Despite tough start, women’s basketball continues to fight
The SF State’s women’s basketball team continues to fight for a win despite their poor record this season.
With only ten games left, the team has had a difficult time, going on a 0-16 start, the worst since the 1988-1989 season, when the Gators went 0-23, according to Assistant Sports Information Director Matt Fontenot.
As the underdogs in the California Collegiate Athletic Association, the Gators show up to the court with full force despite their record.
“We still come to the game 100 percent knowing that we can win,” said SF State’s guard and team captain Michelle Sutton. “We play hard every game, the whole game, and we bring the energy.”
The team has improved in their energy levels as the season continues to unfold and now believes in coach Dennis Cox’s new fast-paced, up-tempo system.
“I don’t think everybody bought into the new rotation,” said SF State’s forward Kristian Juarez. “Now, I feel like everybody is starting to see it and believe in it more. Because of our record, usually teams will fall apart and that hasn’t happened at all. We prepare ourselves like we’re going to win every single game.”
Newly-hired Athletic Director, Charles Guthrie, first announced Cox as the new women’s basketball head coach in July of last year. Cox relocated from Clayton State University in Morrow, Georgia, where his coaching led to the 2011 win of the NCAA Division II title and a 256-57 record, making him the most active winning coach in the NCAA Division II.
Cox knew coming into a new program meant confronting new challenges. Starting off with only seven players remaining from the past season meant he had two weeks to recruit a full roster to start preparing for the season ahead.
He expected the team to be undersized up against the tough CCAA opponents but didn’t shy away from the various obstacles the season might bring and made a strategic plan to improve the team on the court.
“There’s three things we said we were going to try to teach this team going in the year,” Cox said. “We said we were going to teach them how to work hard first, and they’ve done that. We wanted to teach them how to compete, they’re doing that now consistently. Now we just have to learn how to win. I really believe it’s going to happen.”
The battle on the boards has been a crushing factor this season for the Gators, who average only about 30 rebounds per game compared to their opponents who average 44.
Defending the paint has also been a recurring issue for the the team. On average, opponents score a total of 74 points, with most coming from around the basket or second chance points.
In the past five games, however, the Gators have shown signs of improvement especially when it comes to full court press and forcing their opponents to 18 turnovers per game.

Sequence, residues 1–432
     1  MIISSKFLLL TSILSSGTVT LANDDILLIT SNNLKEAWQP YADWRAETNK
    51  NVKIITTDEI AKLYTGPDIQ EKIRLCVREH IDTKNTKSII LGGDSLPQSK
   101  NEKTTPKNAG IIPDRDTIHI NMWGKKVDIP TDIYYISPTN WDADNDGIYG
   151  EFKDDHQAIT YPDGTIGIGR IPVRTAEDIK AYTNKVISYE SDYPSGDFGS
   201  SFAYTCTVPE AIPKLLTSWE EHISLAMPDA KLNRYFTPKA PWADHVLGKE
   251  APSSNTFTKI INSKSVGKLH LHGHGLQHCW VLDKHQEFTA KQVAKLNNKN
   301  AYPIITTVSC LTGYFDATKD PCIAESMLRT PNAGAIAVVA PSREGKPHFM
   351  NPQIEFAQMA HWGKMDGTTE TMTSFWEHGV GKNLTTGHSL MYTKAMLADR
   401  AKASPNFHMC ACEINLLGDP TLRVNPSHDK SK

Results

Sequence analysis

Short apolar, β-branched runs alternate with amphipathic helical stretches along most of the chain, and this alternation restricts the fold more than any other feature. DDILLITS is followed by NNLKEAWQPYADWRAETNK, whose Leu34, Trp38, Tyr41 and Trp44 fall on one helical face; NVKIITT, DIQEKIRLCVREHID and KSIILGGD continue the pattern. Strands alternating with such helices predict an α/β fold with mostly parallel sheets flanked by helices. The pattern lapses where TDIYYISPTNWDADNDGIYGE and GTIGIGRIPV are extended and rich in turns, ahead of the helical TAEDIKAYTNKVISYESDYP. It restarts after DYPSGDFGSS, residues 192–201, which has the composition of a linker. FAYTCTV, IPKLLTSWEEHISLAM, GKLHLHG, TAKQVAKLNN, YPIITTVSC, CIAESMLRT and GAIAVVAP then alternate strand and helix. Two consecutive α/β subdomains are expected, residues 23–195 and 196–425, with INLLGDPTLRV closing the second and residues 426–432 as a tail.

“Our full court defense has improved a lot,” Sutton said. “In the beginning of the season, we weren’t buying in on the full court defense. We chose when we wanted to do it. Now, we’re really buying in.”
Although the team is starting to play Cox’s full court pressure and up-tempo style of game, there are still moments in games where the team falls back to its old ways. In the last minutes of several games, the Gators have cut the deficit to five points but then stopped playing as a team.
A lack of energy from the Gators is not what has cost the team to go on a 0-16 start. Instead, it has been the inability to close out games and make smart choices when running the offense, Sutton said.
“We need to learn to close out a game and be able to take the best shots when we run our offense,” Sutton said. “We still come to the game 100 percent knowing that we can win. We play hard every game, the whole game, and we bring the energy.”
As the season wraps up, Cox and the team will focus on playing together and remembering why they love basketball instead of going after wins.
“I haven’t been in this situation ever in my career, so it’s been a real learning experience,” Cox said. “I took a step back a couple weeks ago and I said ‘Let’s stop chasing the win and let’s remember why we play. We play basketball because we love to play.’”
The Gators will now embark on a four-game road trip starting Jan. 29 where they will face off against CCAA opponent Cal State San Bernardino. The team hopes a win will come within the next ten remaining games of the season.
“I promise you we really want to do this, not just for ourselves, but for everybody,” Cox said. “It’s a tough thing what these kids are going through because a lot of teams would have fallen apart by now, but these kids continue to stay hungry and continue to be coachable. I couldn’t be prouder of them.”